Edited by Andrew Massey
Chapter 8: A Splendid Ruined Reform: The Creation and Destruction of a Civil Service in Argentina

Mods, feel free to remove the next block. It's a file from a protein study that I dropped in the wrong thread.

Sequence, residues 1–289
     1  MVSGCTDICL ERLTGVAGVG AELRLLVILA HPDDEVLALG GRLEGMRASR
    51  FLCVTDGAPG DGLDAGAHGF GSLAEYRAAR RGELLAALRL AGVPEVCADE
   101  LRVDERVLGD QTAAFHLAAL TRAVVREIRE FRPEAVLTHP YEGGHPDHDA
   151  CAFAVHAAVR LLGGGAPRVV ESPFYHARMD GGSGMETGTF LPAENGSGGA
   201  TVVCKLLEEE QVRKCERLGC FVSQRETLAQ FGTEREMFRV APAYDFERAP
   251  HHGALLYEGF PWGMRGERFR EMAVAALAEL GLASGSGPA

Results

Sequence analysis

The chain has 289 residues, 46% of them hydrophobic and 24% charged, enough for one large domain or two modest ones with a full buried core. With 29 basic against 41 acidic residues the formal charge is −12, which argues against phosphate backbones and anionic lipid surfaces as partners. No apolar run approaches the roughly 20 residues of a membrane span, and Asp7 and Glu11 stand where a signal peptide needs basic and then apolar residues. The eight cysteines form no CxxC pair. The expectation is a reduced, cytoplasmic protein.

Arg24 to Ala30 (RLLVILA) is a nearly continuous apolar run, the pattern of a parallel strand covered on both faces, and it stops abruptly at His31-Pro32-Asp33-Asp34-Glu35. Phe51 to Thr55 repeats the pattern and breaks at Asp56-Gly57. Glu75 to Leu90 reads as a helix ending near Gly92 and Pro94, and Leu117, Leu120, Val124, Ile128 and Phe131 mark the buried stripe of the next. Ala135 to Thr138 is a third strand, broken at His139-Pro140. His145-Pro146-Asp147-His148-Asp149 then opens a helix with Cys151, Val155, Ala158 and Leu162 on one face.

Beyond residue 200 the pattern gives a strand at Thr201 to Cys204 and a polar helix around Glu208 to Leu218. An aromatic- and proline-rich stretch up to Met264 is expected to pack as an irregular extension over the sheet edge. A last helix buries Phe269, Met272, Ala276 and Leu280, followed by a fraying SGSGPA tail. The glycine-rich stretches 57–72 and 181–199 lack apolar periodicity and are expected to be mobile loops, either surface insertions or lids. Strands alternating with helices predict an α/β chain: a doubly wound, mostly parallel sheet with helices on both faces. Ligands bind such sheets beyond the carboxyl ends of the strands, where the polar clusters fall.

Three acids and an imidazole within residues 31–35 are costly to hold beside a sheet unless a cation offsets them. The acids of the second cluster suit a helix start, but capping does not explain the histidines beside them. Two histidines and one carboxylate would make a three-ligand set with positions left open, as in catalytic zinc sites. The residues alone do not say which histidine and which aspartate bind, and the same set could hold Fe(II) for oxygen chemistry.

Agustín E. Ferraro Merely urging people in government to try harder and use more statecraft is unlikely to help. Hugh Heclo, A Government of Strangers 8.1 INTRODUCTION The fragmentary professionalization of public bureaucracies in Latin America and the modest success of civil service reforms in the last 20 years have been considered in a number of studies (see, for example, Evans 1979; Ames 1982; Geddes 1994; Weyland 1996; Maxfield 1997; Huber and McCarty 2001; Philip 2003; Eaton 2003). The present chapter studies Argentina’s federal bureaucracy, ten years after the civil service reform of 1991–2, which created a civil service career for the whole public sector. The reform had a Weberian character, that is to say, it was based on meritocratic recruitment, internal promotion, job tenure, and improved salaries for civil servants entering the system. About 30 000 positions in the federal administration were transferred to the new civil service career, and future appointments for these positions were opened to public competition. The nucleus of 30 000 civil service positions was to form the basis for the expansion of the system. Nevertheless, this number of civil service positions was significant from the beginning, considering that the country’s federal administration comprises about 120 000 employees. The new civil service system was given the name SINAPA (Sistema Nacional de la Profesión Administrativa). The study of Argentina’s federal bureaucracy presented here is based on informant interviews conducted in Buenos Aires in 2003–4, official statistics, official surveys, and secondary literature. The...
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